The modern usage of the term "Resistance" originates from the self-designation of many movements during World War II, especially the French Resistance. The term is still strongly linked to the context of the events of 1939–45, and particularly to opposition movements in Axis-occupied countries. Using the term "resistance" to designate a movement meeting the definition prior to World War II might be considered by some to be an anachronism. However, such movements existed prior to World War II, (albeit often called by different names), and there have been many subsequent to it – for example in struggles against colonialism and foreign military occupations. "Resistance" has become a generic term that has been used to designate underground resistance movements in any country.

    Resistance movements can include any irregular armed force that rises up against an enforced or established authority, government, or administration. This frequently includes groups that consider themselves to be resisting tyranny. Some resistance movements are underground organizations engaged in a struggle for national liberation in a country under military occupation or totalitarian domination. Tactics of resistance movements against a constituted authority range from nonviolent resistance and civil disobedience, to industrial sabotage and guerrilla warfare, or even conventional warfare if the resistance movement is strong enough. Any government facing violent acts from a resistance movement usually condemns such acts as terrorism, even when such attacks target only the military or security forces. Resistance during World War II was mainly dedicated to fighting the Axis occupiers. Germany itself also had an anti-Nazi German resistance movement in this period. Although the United...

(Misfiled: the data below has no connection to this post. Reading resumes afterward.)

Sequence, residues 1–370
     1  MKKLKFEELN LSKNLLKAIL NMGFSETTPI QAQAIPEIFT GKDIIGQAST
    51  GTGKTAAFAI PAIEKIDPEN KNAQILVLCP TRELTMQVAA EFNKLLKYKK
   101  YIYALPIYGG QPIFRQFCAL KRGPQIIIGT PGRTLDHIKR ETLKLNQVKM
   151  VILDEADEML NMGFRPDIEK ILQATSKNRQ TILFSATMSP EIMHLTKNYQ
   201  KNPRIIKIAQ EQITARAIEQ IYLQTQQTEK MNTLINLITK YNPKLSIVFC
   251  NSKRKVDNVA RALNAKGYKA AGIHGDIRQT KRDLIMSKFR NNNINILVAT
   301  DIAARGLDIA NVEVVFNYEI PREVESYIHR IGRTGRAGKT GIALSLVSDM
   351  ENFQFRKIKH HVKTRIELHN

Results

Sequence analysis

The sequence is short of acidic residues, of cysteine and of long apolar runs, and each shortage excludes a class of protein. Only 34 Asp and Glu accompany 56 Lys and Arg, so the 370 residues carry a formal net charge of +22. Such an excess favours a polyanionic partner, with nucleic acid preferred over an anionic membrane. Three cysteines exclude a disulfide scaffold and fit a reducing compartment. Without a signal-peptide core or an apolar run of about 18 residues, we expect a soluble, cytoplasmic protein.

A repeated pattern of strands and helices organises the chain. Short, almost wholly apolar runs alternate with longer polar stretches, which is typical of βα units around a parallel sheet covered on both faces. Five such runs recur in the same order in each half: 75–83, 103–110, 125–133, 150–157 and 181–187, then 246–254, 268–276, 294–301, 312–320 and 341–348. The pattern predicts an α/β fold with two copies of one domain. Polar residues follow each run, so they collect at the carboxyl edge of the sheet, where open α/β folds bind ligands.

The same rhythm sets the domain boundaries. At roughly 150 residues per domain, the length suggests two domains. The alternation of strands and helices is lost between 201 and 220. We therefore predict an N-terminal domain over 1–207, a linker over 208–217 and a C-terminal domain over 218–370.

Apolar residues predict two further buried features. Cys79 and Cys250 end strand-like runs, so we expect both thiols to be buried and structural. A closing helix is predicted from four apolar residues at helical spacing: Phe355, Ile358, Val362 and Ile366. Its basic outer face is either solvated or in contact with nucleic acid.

When we talk about geographies of resistance, we often take for granted that resistance takes place in the spaces where domination, power, or oppression is present. So, resistance is often understood as something that always opposes to power or domination. However, some scholars believe and argue that looking at resistance in relation to only power and domination will not provide us a full understanding of the actual nature of resistance. Not all power, domination or oppression leads to resistance, and not all cases of resistance are against or to oppose what we categorize as “power.” In fact, they believe that resistance has its own characteristics and spatialities. In Steve Pile’s (1997) “Opposition, political identities and spaces of resistance,” Geographies of Resistance shows: We can better understand resistance by accounting different perspectives and by breaking the presumptions that resistance is always against power. In fact, resistance should be understood not only in rela...